Gopendra Nath Das, J.
1. This appeal is on behalf of the defendants in a suit for ejectment and for recovery of mesne profits and compensation for damages done to the demised ffremises.
2. The inception of the lease dates back to the year 1942 when the defendant No. 1 wrote a letter to the plaintiff agreeing to hold the demised premises at a monthly rent of Rs. 26/-. The letter recited that the tenancy would be determined by one month's notice. Subsequently thereto, the defendants took a lease of an additional room and agreed to pay additional rent. The terms of the lease continued as before. The plaintiff served a notice to quit on defendants Nos. 1 and 2 requiring them to vacate the premises by the end of September, 1946. The notice recites that the defendant No.1 is the tenant of the premises, that the defendant No. 2 had paid certain sums towards the rent of the premises and that as a matter of abundant caution, the notice to quit was also being served on the defendant No. 2. As the defendants did not vacate, the present suit was instituted. It may be noted that the permission of the Rent Controller to the institution of the. suit was not taken.
3. Two sets of defences were filed to the suit. The defendant No. 1 disclaimed all interest in the demised premises and stated that he had taken the lease on behalf of his uncle, the defendant No. 2. The defendant No. 2 raised several defences which I shall deal with hereafter. Both the Courts below have concurred in decreeing the plff's suit.
4. Mr. Bose appearing for the defendants appellants has raised as many as five contentions in support of the appeal.
5. In the first place, Mr. Bose contends that the Courts below were wrong in allowing the plaintiff to succeed on a case which was not made in the plaint. The argument is based on the following facts. It is submitted that in the plaint, the defendant No. 2 was stated to be a tenant. The notice also proceeded on that footing. Both the Courts below have found that the defendant No. 2 was the real tenant. This case, Mr. Bose contends, ought not to have been allowed to be raised at the hearing. In my opinion, this contention was without any substance. The admitted letters written to the defendants Nos. 1 and 2 by the lessor clearly indicate that the defendant No. 2 was also occupying the premises as a tenant. There can be no question of surprise or prejudice in so far as the Courts below proceeded on the -view that the defendant No. 2 was the real tenant.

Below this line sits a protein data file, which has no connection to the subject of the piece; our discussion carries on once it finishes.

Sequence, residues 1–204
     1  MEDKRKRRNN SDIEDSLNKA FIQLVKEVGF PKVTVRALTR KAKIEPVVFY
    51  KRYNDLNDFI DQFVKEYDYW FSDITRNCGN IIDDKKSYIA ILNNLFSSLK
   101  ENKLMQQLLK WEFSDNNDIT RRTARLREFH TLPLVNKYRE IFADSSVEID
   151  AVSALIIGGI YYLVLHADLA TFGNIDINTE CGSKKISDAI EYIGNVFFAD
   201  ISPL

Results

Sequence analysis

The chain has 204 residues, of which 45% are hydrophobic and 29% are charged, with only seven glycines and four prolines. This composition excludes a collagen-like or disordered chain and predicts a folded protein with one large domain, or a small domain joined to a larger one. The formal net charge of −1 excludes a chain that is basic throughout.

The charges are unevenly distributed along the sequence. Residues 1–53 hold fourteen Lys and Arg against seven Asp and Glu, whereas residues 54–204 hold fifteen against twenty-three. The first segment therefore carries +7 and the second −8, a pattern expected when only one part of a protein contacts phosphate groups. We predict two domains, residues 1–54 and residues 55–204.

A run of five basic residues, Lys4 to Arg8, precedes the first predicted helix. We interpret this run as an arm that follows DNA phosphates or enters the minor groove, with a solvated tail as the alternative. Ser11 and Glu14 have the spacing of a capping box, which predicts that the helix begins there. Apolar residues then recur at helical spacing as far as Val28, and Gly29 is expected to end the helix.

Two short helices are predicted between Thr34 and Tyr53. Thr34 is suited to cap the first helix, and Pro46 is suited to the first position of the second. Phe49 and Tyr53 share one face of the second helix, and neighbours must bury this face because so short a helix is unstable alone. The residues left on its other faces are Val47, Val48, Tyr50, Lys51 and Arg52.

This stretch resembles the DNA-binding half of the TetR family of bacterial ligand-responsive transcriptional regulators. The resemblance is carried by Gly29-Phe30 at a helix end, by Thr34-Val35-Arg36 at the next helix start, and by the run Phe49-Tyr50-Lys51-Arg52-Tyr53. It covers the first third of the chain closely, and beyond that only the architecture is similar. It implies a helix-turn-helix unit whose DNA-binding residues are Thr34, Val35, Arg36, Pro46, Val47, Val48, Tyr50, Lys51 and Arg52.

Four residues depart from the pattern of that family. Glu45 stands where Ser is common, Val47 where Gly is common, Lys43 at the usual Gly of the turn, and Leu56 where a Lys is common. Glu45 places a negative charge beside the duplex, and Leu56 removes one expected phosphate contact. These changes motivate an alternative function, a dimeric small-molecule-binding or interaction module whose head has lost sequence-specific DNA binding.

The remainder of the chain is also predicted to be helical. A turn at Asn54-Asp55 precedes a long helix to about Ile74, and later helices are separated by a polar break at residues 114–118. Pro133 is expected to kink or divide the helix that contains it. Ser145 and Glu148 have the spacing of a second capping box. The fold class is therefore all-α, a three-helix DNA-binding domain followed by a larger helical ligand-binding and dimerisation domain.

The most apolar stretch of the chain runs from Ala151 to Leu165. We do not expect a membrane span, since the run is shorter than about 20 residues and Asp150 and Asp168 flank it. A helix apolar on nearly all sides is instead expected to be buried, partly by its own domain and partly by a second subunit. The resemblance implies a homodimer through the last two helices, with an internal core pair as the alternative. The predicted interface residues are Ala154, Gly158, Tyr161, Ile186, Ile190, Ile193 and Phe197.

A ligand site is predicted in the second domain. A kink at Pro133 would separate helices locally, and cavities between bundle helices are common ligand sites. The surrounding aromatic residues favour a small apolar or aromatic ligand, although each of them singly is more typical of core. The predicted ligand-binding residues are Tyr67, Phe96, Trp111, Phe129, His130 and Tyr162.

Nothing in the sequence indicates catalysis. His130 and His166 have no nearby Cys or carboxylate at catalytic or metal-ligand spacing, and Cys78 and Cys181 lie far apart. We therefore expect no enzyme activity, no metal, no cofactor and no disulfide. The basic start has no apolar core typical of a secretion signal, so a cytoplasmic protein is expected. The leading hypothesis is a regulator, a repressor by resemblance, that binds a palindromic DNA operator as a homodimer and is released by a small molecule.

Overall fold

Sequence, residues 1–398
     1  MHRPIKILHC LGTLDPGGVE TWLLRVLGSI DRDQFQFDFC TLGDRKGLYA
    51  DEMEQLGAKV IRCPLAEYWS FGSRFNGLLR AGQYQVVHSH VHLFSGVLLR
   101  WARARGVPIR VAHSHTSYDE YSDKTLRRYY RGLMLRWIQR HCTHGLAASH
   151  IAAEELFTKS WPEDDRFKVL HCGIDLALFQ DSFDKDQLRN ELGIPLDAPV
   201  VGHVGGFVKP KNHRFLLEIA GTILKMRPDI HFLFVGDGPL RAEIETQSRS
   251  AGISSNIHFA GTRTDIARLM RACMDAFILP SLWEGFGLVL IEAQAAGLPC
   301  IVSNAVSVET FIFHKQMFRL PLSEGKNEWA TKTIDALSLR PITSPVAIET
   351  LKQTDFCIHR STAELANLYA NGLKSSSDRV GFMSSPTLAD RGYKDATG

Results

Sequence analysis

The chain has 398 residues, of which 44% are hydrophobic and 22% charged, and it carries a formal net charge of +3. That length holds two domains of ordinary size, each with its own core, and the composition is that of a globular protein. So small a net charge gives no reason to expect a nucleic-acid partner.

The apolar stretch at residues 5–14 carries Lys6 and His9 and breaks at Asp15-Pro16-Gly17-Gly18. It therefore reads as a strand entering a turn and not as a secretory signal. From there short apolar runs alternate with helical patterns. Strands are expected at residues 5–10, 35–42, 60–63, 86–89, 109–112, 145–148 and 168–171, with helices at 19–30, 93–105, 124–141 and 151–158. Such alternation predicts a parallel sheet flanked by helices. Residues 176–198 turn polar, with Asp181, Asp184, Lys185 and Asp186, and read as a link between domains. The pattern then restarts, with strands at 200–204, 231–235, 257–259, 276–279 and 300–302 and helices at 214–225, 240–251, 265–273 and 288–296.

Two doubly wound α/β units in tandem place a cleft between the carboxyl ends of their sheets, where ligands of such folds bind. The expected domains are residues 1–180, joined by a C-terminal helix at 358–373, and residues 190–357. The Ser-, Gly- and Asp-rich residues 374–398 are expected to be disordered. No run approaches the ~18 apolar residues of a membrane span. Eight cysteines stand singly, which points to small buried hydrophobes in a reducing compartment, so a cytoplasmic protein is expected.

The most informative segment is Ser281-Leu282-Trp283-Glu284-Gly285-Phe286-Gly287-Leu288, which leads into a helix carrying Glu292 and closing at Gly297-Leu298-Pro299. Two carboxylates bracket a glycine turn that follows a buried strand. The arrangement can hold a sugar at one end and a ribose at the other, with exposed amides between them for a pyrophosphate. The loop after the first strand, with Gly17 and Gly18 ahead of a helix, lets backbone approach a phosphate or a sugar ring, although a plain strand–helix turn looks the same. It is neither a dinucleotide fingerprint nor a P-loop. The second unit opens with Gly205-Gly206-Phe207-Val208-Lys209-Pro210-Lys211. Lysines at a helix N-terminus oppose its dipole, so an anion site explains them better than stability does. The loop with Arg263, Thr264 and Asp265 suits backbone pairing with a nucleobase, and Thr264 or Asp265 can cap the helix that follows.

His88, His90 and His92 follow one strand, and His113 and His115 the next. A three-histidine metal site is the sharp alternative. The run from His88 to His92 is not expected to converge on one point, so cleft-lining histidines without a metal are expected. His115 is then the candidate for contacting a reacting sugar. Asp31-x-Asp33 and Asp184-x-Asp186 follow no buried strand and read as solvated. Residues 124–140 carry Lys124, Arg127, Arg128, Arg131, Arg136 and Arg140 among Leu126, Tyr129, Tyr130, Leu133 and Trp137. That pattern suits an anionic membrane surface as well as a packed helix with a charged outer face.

6. The second contention raised by Mr. Bose concerns the purpose for which the lease was taken. In the plaint, the plaintiff stated that the lease was taken for the purpose of residence. The defendants, on the other hand, stated that the purpose for which the lease was taken was manufacture. The Courts below have negatived the case of either party and have found that the purpose of the lease was to hold office. Mr. Bose contends that his version is supported by the letters, Exhibits A to A (3) to which the trial Court refers. In my opinion, the letters do not clearly indicate that the object of the lease was manufacture. The actual user to which the premises was put does not also support the contention of Mr. Bose. The findings of the Court below are that in one of the rooms, the defendant had an office; some other rooms were used for repairs of bolts and nuts; some other rooms were in the occupation of the Central Bank of India and in those rooms, heavy materials were stacked by the Bank. In these circumstances, it is difficult for me in second appeal to upset the findings of the Courts below that the object of the lease was not manufacture. The lessee, therefore, would not be entitled to six months' notice, as contended on behalf of the appellants. Moreover, the letter, Exhibit 12, which shows the inception of the lease, clearly states that the lease would be determined by one month's notice. The notice that has been given in the present case exceeds the period of one month. The second contention raised by Mr. Bose must, therefore, fail.